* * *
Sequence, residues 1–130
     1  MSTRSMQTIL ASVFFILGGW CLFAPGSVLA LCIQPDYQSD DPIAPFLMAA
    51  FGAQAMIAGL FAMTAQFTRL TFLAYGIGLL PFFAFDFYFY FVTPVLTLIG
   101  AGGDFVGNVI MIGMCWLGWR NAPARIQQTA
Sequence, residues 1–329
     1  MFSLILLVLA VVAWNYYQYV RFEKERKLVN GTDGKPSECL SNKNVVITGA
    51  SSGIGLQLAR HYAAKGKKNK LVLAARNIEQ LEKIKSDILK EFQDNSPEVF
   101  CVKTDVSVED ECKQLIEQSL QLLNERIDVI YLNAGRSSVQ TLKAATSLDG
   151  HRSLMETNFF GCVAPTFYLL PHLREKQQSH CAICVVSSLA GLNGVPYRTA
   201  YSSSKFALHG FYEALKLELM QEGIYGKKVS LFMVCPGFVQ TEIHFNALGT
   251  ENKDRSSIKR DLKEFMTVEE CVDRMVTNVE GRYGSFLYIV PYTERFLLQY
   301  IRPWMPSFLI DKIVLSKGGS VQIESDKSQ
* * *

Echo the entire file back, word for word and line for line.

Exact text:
Sequence, residues 1–130
     1  MSTRSMQTIL ASVFFILGGW CLFAPGSVLA LCIQPDYQSD DPIAPFLMAA
    51  FGAQAMIAGL FAMTAQFTRL TFLAYGIGLL PFFAFDFYFY FVTPVLTLIG
   101  AGGDFVGNVI MIGMCWLGWR NAPARIQQTA
Sequence, residues 1–329
     1  MFSLILLVLA VVAWNYYQYV RFEKERKLVN GTDGKPSECL SNKNVVITGA
    51  SSGIGLQLAR HYAAKGKKNK LVLAARNIEQ LEKIKSDILK EFQDNSPEVF
   101  CVKTDVSVED ECKQLIEQSL QLLNERIDVI YLNAGRSSVQ TLKAATSLDG
   151  HRSLMETNFF GCVAPTFYLL PHLREKQQSH CAICVVSSLA GLNGVPYRTA
   201  YSSSKFALHG FYEALKLELM QEGIYGKKVS LFMVCPGFVQ TEIHFNALGT
   251  ENKDRSSIKR DLKEFMTVEE CVDRMVTNVE GRYGSFLYIV PYTERFLLQY
   301  IRPWMPSFLI DKIVLSKGGS VQIESDKSQ